Euthanasia and the right to die are important issues, and—if you’re for them—every polemical push is probably a good thing. The Farewell Party leaves no doubt as to where it stands on the right to die with dignity when facing terminal illness, but it’s so clumsily made that it serves only to exasperate. Co-writers/directors Tal Granit and Sharon Maymon clearly made a calculated gamble to use a spoonful of metaphorical sugar to coat a bitter pill, but their touch is fatally clunky.

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Retiree Yehezkel (Ze’ev Ravach) fills out his days in a Jerusalem retirement home by tinkering (Gremlins-dad-style) with well-meaning inventions that don’t work, like a pill dispenser that’s supposed to sound the alarm on the right day for each medication. When a hospital-bound friend’s wife asks for help taking her husband out of his misery, Yehezkel does some research on the best options and settles on Dr. Philip Nitschke’s “Deliverance Machine.” The film is nothing if not educational about this device, which essentially allows those who wish to die to push a button delivering a lethal dose of poison to themselves, thereby hopefully sparing doctors from potential legal prosecution. After successfully constructing the machine, Yehezkel finds himself in demand as an angel of death in a retirement home full of the decaying.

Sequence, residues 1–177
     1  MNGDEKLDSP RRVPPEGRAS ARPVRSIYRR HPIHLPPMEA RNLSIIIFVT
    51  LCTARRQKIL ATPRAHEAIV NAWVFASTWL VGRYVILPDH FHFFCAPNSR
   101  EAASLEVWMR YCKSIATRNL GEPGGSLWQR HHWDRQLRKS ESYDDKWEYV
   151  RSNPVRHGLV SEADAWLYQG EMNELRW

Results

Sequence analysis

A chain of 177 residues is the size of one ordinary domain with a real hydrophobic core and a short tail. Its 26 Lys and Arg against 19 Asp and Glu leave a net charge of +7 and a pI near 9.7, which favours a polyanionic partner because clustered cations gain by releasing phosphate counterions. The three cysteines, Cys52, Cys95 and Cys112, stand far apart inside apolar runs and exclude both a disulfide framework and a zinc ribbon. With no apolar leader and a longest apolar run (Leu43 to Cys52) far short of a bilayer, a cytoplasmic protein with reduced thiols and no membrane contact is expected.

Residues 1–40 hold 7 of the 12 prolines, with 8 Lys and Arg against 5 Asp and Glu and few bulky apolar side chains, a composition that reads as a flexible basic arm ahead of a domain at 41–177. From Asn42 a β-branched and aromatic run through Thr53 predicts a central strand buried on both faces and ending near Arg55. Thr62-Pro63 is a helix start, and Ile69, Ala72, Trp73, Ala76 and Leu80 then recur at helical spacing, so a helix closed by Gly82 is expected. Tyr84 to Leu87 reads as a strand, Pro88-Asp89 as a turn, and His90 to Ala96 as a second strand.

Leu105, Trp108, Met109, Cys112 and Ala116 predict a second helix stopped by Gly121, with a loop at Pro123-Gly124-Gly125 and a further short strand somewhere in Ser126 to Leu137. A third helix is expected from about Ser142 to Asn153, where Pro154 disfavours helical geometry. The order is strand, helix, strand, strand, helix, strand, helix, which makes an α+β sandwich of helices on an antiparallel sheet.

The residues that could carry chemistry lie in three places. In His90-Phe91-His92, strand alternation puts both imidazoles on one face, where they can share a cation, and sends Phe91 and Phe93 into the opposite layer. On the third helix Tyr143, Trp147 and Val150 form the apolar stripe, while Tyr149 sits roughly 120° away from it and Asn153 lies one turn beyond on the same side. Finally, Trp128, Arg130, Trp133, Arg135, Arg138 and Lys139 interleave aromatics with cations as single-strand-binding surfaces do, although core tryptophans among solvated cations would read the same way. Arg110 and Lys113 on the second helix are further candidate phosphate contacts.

The Farewell Party hedges its metaphorical bets by making Yehezkel’s wife Levana (Levana Finkelstein) the appalled voice of caution, decrying what she sees as both legally dangerous and ethically untenable. The movie and Yehezkel seek to win her— and hence skeptical members of the audience—over, and that’s thoroughly admirable. What doesn’t work at all is the movie’s alternately bathetic and comic tone (which isn’t smoothed out one bit by sub-functional blocking and digital cinematography from Tobias Hochstein). There’s “black comedy,” and then there’s the kind of clumsy comic relief this film indulges in, like Yehezkel and his elderly death squad crew walking through a hallway toward their errand of mercy. “Maybe we should come back when we attract less attention,” one person says, which is the cue for another to loudly knock over a trash can. There’s a subplot about two elderly men in a relationship, one of whom is closeted and still married to his wife. When he’s discovered hiding in a closet, the explanation is, “He’s still, you know, in the closet.” (Har har.)

Much of The Farewell Party walks the queasy post-Cocoon line of treating the elderly as objects of affection, but only if they’re sufficiently wacky and childlike. As Levana tells a retirement-home employee while trying to get her friends out of trouble for an infraction of the rules, “Inside, they’re like children. Only their bodies have changed.” There’s something decidedly unsettling and condescending about this attitude toward the elderly, but that’s in keeping with the film’s ham-handed attempts to treat a serious issue like a Very Special Episode of an otherwise innocuous sitcom.

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